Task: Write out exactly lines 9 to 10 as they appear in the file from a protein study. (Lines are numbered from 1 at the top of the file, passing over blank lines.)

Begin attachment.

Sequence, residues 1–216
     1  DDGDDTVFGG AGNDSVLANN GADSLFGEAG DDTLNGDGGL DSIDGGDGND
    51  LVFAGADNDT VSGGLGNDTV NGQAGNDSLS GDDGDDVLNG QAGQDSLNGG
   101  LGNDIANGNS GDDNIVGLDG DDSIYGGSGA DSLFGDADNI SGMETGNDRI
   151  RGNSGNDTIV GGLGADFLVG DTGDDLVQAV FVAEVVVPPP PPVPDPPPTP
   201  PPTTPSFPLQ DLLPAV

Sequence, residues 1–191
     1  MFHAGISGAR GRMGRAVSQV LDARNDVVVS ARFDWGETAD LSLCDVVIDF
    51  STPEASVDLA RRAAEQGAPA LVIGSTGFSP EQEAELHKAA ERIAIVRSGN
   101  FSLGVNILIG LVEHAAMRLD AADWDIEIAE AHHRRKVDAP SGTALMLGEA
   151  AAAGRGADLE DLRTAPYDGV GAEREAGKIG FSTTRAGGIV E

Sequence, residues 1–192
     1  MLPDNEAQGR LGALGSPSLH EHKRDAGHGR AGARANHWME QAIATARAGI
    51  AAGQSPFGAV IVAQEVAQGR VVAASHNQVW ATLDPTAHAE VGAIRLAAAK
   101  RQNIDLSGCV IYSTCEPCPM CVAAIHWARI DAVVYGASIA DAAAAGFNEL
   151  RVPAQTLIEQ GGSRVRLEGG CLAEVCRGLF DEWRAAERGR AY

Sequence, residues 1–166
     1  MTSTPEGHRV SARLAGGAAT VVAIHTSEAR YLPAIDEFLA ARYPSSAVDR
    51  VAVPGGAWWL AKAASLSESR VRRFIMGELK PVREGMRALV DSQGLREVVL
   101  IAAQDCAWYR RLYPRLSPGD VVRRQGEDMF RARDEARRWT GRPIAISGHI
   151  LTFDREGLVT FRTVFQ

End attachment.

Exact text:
    51  STPEASVDLA RRAAEQGAPA LVIGSTGFSP EQEAELHKAA ERIAIVRSGN
   101  FSLGVNILIG LVEHAAMRLD AADWDIEIAE AHHRRKVDAP SGTALMLGEA